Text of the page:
Walking into Tawa Food is a bit like walking into a tiny factory. They are very attentive and friendly here, but the work of making bread never stops in the back, as two or three women are rolling out dough and frying it up for the packages you see in the photo below. It seems that quite a few nearby residents and businesses come in here and buy their products, as a steady stream of people have done just as much on my two visits.
It is easy to feel at home here despite all of this. You might feel like you are in the way a bit, but don't fear, they are happy for the sit down business. There are three tables, and not much room, but that just makes it more intimate and centers you in the middle of all the action.
A lot of English signs have been put up since my first visit, probably in response to their newfound success and various coverage.
The momos ($5, below) here will rival any in the city. You can get them frozen in beef, vegetable, and cheese to take home, but chicken seems to be the only variety they have ready to cook in house. When you do eat them here, they are amazingly fresh, full of juice, and definitely a must have for any table.
Make sure to add the orange chili sauce for dipping.
Dosas are something you usually see at southern Indian restaurants, but Tawa has added a big sign outside reading "Dosa Hut" so I figured I would give their rendition a try. The masala dosa ($5, below) is cut into sections, something I have not seen done before, and served with an average chutney and a tomato achar, making it a bit more Nepalese. The ingredients inside the dosa are good, with fresh onions leading the taste buds.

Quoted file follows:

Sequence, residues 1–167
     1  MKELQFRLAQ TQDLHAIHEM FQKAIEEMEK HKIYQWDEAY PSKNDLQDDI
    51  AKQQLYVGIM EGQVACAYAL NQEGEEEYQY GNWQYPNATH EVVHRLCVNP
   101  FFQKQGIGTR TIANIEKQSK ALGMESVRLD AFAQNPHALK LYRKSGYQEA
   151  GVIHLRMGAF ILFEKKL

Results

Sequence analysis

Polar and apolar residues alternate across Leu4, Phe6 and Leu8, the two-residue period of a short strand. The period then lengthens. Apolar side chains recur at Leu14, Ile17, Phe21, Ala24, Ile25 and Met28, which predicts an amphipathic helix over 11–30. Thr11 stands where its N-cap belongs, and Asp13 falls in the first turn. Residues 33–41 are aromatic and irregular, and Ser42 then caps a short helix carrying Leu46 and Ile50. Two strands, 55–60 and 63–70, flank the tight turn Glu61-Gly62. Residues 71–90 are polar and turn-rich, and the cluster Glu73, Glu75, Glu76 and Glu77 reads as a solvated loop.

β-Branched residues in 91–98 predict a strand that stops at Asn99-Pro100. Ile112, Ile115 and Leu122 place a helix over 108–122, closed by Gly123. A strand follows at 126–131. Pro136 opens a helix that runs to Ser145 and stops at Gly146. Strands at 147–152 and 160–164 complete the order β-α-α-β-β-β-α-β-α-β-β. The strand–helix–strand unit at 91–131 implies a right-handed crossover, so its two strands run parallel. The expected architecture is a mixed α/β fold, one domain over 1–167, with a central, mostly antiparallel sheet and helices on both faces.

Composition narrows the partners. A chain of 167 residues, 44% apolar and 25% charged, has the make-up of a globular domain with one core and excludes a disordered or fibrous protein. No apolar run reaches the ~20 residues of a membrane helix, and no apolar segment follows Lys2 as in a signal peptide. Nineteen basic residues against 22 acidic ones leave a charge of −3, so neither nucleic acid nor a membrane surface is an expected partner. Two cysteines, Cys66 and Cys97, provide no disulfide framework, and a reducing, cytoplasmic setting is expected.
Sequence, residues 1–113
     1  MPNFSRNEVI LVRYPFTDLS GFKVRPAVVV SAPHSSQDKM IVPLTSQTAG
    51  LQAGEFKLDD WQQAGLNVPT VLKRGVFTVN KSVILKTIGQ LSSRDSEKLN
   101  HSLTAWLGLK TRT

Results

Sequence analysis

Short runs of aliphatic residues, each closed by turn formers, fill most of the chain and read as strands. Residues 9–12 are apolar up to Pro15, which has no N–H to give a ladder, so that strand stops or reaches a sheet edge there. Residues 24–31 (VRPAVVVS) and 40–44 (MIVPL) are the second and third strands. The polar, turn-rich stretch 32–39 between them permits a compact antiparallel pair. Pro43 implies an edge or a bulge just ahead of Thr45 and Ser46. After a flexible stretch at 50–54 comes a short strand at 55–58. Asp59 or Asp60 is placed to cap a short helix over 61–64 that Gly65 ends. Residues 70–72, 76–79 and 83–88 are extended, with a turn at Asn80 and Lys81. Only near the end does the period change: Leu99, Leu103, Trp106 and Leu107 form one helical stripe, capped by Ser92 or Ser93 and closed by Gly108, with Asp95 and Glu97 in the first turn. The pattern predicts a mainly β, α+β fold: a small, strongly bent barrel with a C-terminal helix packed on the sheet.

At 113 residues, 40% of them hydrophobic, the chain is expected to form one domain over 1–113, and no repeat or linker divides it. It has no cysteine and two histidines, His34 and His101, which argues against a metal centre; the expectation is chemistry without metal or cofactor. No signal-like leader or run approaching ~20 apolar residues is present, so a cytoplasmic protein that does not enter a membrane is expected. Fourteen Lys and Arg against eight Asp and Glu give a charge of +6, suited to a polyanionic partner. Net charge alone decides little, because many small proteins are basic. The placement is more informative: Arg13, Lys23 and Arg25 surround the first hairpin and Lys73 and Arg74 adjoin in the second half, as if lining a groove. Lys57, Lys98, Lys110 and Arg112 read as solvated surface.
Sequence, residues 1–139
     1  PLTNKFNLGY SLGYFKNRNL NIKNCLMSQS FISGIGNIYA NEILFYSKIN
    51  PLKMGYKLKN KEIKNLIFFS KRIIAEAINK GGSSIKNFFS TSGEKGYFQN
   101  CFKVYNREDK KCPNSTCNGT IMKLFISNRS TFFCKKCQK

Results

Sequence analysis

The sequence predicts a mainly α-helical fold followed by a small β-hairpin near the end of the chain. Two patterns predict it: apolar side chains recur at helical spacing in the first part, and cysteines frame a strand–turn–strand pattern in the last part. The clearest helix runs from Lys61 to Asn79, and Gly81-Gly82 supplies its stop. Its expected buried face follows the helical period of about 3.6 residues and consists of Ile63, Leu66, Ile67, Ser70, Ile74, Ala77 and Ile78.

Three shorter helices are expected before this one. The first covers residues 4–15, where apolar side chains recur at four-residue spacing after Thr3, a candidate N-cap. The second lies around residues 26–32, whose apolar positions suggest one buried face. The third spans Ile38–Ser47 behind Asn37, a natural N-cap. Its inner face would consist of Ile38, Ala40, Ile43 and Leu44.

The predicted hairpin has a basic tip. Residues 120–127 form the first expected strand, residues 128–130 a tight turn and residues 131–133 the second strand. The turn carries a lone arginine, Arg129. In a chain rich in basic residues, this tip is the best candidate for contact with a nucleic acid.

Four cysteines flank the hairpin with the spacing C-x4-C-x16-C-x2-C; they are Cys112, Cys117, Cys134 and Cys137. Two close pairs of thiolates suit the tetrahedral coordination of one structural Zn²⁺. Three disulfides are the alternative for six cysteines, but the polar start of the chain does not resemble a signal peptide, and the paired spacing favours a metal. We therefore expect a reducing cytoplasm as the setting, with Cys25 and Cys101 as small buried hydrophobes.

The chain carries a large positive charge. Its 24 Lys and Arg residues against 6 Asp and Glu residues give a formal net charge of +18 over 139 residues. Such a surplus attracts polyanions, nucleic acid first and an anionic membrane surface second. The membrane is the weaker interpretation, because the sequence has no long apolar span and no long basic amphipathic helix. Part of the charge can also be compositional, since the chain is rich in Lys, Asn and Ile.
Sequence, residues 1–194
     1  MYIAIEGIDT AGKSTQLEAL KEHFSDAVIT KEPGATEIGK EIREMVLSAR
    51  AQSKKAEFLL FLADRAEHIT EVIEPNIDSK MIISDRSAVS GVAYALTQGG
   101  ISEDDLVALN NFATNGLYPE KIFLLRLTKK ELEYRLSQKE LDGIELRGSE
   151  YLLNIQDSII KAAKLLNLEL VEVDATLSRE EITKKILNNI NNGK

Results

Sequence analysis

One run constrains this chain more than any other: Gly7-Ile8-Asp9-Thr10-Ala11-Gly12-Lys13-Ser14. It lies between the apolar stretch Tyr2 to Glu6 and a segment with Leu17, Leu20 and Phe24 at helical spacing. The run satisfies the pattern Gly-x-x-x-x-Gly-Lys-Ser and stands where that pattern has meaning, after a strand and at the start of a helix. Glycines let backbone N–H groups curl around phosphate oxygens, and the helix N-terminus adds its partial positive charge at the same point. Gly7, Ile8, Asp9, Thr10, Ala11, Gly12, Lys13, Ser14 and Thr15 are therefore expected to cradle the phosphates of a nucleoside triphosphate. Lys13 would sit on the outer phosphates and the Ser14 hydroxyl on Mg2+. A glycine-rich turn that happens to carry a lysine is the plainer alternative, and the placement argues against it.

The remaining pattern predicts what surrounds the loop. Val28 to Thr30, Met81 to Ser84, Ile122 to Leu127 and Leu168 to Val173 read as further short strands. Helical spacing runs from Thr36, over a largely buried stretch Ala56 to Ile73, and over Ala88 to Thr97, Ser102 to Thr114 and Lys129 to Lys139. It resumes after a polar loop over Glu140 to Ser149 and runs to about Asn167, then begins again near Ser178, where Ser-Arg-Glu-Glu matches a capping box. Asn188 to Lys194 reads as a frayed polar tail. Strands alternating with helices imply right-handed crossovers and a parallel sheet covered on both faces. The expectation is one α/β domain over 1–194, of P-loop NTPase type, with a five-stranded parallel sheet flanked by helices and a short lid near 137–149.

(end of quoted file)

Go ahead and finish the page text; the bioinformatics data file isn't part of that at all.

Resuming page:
I also wanted to give the kati rolls a try, so we ordered the paneer kati roll ($5, below), which surprisingly arrived cold. Since they are constantly making the paratha bread here, it did not make sense to me that it would arrive in a piece that was not hot and fresh. That being said, it was absolutely delicious, with the cheese mixing with a potent herbal sauce they make. If this was inside of a fresh paratha, it would be one of those foods you come back for week after week.
The menu is split into two parts, with the more widely eaten kati rolls and dosas on one page and traditional Nepalese on another. For an introduction (after the momos of course), try any "K-2" plate for a variety of dipping sauces, meats, and curry to eat.
They also serve a milky tea ($1) here that is not nearly as buttery as some you might find in Nepalese or Tibetan restaurants, and extremely good. It is served in the iconic NYC coffee cup, and washes down everything very well.